Journal of Comparative Physiology A

, Volume 200, Issue 4, pp 251–264 | Cite as

Neuroethology of male courtship in Drosophila: from the gene to behavior

  • Daisuke Yamamoto
  • Kosei Sato
  • Masayuki Koganezawa


Neurogenetic analyses in the fruit fly Drosophila melanogaster revealed that gendered behaviors, including courtship, are underpinned by sexually dimorphic neural circuitries, whose development is directed in a sex-specific manner by transcription factor genes, fruitless (fru) and doublesex (dsx), two core members composing the sex-determination cascade. Via chromatin modification the Fru proteins translated specifically in the male nervous system lead the fru-expressing neurons to take on the male fate, as manifested by their male-specific survival or male-specific neurite formations. One such male-specific neuron group, P1, was shown to be activated when the male taps the female abdomen. Moreover, when artificially activated, P1 neurons are sufficient to induce the entire repertoire of the male courtship ritual. These studies provide a conceptual framework for understanding how the genetic code for innate behavior can be embodied in the neuronal substrate.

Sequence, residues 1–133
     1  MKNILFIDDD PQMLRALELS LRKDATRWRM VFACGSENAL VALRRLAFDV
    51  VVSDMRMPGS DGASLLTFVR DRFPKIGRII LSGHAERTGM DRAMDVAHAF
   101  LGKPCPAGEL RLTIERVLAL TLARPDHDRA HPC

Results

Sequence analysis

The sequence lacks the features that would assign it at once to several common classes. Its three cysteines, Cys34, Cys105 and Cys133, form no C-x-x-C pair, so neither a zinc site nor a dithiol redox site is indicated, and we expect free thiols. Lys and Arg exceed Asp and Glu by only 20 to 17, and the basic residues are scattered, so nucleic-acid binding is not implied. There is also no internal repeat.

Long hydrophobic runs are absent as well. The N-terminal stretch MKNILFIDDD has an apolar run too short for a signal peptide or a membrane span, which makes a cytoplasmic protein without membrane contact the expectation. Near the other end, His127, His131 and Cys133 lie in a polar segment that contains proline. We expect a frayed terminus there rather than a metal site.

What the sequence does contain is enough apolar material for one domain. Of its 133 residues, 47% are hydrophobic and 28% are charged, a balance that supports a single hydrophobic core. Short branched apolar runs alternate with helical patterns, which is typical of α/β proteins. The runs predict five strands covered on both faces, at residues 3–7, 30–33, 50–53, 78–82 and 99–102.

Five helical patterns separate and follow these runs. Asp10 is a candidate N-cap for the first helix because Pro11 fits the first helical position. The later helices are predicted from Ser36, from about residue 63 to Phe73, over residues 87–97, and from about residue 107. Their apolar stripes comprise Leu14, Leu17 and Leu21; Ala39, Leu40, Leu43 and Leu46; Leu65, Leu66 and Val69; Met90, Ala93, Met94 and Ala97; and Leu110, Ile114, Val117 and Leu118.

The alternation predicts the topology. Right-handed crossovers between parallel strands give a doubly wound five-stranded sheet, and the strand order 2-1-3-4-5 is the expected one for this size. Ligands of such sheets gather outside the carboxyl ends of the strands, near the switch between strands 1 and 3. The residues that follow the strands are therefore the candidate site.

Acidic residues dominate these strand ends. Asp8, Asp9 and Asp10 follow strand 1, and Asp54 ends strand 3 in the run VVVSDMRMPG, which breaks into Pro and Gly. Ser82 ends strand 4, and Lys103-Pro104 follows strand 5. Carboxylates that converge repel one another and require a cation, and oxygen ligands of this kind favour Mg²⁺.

fruitless Sexual dimorphism Identified neurons Pheromones Chromatin 









cis-Vaccenyl acetate


Degenerin/epithelial sodium channels




Drosophila transient receptor potential cation channel subfamily A1


Ecdysone receptor


Excitatory postsynaptic potentials




Gustatory receptor


Histone deacetylase 1


Heterochromatin protein 1


Ionotropic receptor 84a


Medially located just above the antennal lobe


Olfactory receptor 67d


ATP-activated P2X purinoceptor 2




Suboesophageal ganglion


Transcription intermediary factor 1


Tetanus toxin light chain





The authors’ work is funded by Grants-in-Aid for Scientific Research (24113502, 23220007, 1802012 to D.Y., 25132702 and 24700309 to K.S. and 24570082 and 23115702 to M.K.) from MEXT, the Strategic Japanese-French Cooperative Program from JST (D.Y.) and a Life Science Grant from the Takeda Science Foundation (D.Y. and K.S.). The authors thank M. Suyama and S. Abe for secretarial assistance.


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Copyright information

© Springer-Verlag Berlin Heidelberg 2014

Authors and Affiliations

  • Daisuke Yamamoto
    • 1
  • Kosei Sato
    • 1
  • Masayuki Koganezawa
    • 1
  1. 1.Division of NeurogeneticsTohoku University Graduate School of Life SciencesSendaiJapan

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